Timing and intensity of oral sex may affect risk of oropharyngeal cancer

HPV
Electron micrograph of a negatively stained human papilloma virus (HPV) which occurs in human warts. Credit: public domain

Human papillomavirus (HPV) can infect the mouth and throat to cause cancers of the oropharynx. A new study published early online in Cancer, a peer-reviewed journal of the American Cancer Society, has found that having more than 10 prior oral sex partners was associated with a 4.3-times greater likelihood of having HPV-related oropharyngeal cancer. The study also shows that having oral sex at a younger age and more partners in a shorter time period (oral sex intensity) were associated with higher likelihoods of having HPV-related cancer of the mouth and throat.

Previous studies have shown that performing is a strong risk factor for HPV-related oropharyngeal . To examine how behavior related to oral sex may affect risk, Virginia Drake, MD, of Johns Hopkins University, and her colleagues asked 163 individuals with and 345 without HPV-related oropharyngeal cancer to complete a behavioral survey.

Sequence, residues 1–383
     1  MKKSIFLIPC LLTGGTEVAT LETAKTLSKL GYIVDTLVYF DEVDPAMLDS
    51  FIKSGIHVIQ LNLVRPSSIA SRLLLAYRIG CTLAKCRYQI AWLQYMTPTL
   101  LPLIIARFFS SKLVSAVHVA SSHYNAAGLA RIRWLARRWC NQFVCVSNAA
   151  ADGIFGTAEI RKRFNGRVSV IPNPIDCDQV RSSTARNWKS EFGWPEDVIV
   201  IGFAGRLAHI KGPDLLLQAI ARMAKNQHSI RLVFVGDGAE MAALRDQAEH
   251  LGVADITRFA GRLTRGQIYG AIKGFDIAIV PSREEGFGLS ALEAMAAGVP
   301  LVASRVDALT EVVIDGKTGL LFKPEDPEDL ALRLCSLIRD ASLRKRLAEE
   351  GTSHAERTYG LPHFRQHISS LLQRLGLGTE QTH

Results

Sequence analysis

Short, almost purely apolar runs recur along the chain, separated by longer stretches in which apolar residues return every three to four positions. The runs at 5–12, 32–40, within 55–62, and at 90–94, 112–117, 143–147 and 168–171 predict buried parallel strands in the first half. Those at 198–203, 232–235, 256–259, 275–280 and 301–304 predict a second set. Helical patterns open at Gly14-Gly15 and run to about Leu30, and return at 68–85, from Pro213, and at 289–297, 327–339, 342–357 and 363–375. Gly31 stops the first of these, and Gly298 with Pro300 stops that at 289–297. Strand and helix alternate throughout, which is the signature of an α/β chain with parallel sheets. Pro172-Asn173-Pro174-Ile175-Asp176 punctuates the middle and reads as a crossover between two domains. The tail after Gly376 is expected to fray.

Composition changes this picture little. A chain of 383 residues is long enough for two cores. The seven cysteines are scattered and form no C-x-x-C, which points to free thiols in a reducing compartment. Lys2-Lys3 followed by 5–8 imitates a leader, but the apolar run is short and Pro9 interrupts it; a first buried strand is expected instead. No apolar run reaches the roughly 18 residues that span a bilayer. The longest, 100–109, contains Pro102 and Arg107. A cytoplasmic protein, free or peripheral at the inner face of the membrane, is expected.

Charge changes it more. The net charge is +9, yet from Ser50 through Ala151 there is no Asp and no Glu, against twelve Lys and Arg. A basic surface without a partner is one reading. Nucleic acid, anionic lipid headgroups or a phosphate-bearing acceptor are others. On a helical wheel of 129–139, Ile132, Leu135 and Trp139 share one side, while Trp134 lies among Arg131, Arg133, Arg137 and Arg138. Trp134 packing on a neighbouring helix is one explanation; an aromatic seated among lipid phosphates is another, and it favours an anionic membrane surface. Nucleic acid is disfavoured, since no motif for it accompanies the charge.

In addition to timing and intensity of oral sex, individuals who had older sexual partners when they were young, and those with partners who had were more likely to have HPV-related oropharyngeal cancer.

"Our study builds on previous research to demonstrate that it is not only the number of oral sexual partners, but also other factors not previously appreciated that contribute to the risk of exposure to HPV orally and subsequent HPV-related oropharyngeal cancer," said Dr. Drake. "As the incidence of HPV-related oropharyngeal cancer continues to rise in the United States, our study offers a contemporary evaluation of risk factors for this disease. We have uncovered additional nuances of how and why some people may develop this cancer, which may help identify those at greater risk."


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More information: "Timing, number, and type of sexual partners associated with risk of oropharyngeal cancer." Virginia E. Drake, Carole Fakhry, Melina J. Windon, C. Matthew Stewart, Lee Akst, Alexander Hillel, Wade Chien, Patrick Ha, Brett Miles, Christine G. Gourin, Rajarsi Mandal, Wojciech K. Mydlarz, Lisa Rooper, Tanya Troy, Siddhartha Yavvari, Tim Waterboer Nicole Brenner, David W. Eisele, and Gypsyamber D'Souza. Cancer; Published Online: January 11, 2021. DOI: 10.1002/cncr.33346
Journal information: Cancer

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Citation: Timing and intensity of oral sex may affect risk of oropharyngeal cancer (2021, January 11) retrieved 20 June 2021 from https://medicalxpress.com/news/2021-01-intensity-oral-sex-affect-oropharyngeal.html
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